The fundamental problem facing U.S. national security — and indeed grand — strategy is clear: The United States seeks to extend deterrence to dozens of allies in parts of the world that are increasingly shadowed by Russia and China, each of which fields survivable nuclear arsenals and conventional forces that are more and more formidable in their respective regions. An increasingly powerful China seeks ascendancy in Asia and ultimately beyond, while Russia has recovered some of its military potency and aspires to upend or at least substantially revise the post-Cold War European settlement. Both China and Russia have developed strategies and forces designed to enable them to attack or suborn U.S. allies or partners and make such an effort potentially worth the risks and costs. Their aspirations place them at odds — or at least in tension — with U.S. interests in defending its alliance architecture, and their increased capability to pursue these aspirations makes them more dangerous and the possibility of war with them more likely.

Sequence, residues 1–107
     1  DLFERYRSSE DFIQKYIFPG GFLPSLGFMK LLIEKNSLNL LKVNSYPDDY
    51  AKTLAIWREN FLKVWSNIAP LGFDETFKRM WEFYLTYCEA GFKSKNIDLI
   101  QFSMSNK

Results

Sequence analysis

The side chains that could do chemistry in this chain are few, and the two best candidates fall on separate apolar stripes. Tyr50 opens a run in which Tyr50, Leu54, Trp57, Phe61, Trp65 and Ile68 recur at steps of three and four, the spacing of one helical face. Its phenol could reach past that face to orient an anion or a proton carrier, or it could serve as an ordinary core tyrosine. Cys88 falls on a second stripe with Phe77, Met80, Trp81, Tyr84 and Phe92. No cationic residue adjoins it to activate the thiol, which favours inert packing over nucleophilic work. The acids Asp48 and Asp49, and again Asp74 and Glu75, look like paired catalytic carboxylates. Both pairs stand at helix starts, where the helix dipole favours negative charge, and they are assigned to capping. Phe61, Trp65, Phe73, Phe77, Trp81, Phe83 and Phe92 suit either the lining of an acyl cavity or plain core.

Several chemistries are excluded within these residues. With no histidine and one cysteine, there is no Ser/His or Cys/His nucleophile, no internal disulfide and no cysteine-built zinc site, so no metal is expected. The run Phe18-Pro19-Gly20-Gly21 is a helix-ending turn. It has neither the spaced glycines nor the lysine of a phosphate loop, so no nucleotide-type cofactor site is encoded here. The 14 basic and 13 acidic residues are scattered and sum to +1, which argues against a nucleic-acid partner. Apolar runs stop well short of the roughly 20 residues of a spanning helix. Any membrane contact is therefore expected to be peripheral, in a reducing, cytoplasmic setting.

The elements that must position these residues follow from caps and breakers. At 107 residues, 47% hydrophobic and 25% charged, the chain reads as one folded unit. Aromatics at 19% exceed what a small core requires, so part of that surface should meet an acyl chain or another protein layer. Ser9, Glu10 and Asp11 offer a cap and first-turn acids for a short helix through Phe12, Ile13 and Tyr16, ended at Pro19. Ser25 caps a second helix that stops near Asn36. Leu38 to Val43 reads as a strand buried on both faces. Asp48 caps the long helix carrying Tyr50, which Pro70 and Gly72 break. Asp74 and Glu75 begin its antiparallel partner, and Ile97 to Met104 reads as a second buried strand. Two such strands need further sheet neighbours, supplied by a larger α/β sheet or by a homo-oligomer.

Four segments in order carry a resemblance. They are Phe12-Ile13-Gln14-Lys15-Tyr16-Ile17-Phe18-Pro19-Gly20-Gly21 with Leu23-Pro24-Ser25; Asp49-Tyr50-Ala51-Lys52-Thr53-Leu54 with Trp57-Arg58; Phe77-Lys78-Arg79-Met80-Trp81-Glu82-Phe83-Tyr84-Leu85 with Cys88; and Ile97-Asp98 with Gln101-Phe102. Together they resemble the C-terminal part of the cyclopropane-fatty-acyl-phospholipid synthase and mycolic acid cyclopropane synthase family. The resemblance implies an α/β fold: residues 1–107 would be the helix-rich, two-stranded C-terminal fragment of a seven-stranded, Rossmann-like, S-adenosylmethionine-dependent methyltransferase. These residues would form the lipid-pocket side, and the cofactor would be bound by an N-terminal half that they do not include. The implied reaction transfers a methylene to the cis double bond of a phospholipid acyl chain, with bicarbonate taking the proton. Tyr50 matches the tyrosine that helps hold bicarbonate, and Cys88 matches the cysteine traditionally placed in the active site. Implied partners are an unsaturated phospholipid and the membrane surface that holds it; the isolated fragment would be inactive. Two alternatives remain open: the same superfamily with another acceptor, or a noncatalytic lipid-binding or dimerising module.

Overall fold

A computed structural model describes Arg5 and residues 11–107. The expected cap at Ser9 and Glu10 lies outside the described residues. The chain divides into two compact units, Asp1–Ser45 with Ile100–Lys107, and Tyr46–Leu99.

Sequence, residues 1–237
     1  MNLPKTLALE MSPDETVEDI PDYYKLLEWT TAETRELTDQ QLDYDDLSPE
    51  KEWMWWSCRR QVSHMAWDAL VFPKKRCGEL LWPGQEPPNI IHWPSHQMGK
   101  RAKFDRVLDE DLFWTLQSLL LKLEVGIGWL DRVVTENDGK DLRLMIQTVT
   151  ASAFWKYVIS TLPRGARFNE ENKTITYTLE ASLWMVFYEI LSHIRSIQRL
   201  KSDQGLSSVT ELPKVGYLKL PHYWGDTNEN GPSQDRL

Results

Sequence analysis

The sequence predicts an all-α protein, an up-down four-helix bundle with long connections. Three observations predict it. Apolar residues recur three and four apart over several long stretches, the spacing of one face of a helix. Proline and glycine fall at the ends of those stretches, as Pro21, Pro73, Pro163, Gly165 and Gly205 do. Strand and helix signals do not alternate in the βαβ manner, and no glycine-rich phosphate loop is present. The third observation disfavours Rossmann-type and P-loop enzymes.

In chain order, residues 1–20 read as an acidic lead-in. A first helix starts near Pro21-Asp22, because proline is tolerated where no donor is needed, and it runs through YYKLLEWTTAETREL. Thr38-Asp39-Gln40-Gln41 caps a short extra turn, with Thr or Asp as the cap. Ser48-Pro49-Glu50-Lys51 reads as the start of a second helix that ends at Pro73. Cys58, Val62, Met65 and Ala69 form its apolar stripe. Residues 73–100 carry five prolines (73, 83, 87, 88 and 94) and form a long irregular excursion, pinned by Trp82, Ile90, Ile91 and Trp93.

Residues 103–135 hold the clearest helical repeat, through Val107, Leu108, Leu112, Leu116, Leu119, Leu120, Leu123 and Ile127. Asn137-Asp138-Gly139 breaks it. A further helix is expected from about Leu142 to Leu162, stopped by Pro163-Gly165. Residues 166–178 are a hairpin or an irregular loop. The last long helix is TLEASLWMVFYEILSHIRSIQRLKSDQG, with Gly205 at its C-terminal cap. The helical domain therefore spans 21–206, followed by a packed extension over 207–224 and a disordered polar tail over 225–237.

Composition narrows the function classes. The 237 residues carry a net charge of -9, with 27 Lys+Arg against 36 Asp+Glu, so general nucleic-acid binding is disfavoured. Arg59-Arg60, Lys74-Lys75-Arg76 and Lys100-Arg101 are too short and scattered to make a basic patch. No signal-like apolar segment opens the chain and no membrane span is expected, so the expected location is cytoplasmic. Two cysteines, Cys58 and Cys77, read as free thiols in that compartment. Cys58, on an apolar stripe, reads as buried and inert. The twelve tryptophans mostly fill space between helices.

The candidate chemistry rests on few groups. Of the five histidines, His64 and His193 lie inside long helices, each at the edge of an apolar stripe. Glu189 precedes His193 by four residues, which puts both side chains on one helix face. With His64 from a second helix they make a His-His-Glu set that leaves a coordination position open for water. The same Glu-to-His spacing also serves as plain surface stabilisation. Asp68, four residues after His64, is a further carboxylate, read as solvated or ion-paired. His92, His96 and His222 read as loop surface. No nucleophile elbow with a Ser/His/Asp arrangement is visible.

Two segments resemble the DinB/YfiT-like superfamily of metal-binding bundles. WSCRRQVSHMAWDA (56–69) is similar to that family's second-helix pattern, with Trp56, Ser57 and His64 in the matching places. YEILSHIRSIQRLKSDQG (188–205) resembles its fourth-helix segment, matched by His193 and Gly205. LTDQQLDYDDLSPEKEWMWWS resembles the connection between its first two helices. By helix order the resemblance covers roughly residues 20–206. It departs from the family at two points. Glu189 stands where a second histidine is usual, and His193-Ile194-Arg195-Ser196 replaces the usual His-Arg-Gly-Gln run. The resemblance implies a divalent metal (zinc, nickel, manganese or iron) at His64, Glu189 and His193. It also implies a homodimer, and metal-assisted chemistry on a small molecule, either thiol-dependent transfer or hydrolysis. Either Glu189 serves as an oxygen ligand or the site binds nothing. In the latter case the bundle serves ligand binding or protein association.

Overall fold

In the face of these challenges, Washington wants to deter and, if necessary, defeat attacks on its allies by Russia or China. The problem is that these alliances are, while of course important, still fundamentally secondary interests for the United States. Yet Washington wisely seeks to defend them from states that have the assured ability to conduct nuclear strikes on the American homeland, which, naturally, represents the profoundest type of peril to the nation’s ultimate primary interest: its survival as a functioning society.
Read the full article in Texas National Security Review.
More from CNAS
CommentarySharper: Day One
The Biden-Harris administration will confront a range of national security challenges from the moment it takes office....
By Chris Estep
CommentaryHow the Defense Budget Could Actually Increase (Slightly)
Once all is said and done, it is more likely that defense spending will end up growing rather than shrinking....
By Diem Salmon
CommentaryThe President (Probably) Isn’t Going To Nuke Anything This Week
The idea that presidents are able to use nuclear weapons in any way they personally desire is not correct....
By Tom Shugart
VideoDefense Priorities Under Biden
Richard Fontaine and Robert O. Work join the World Affairs Council of Greater Houston to discuss the Biden Pentagon and the future of U.S. defense. Watch the full conversatio...
By Richard Fontaine & Robert O. Work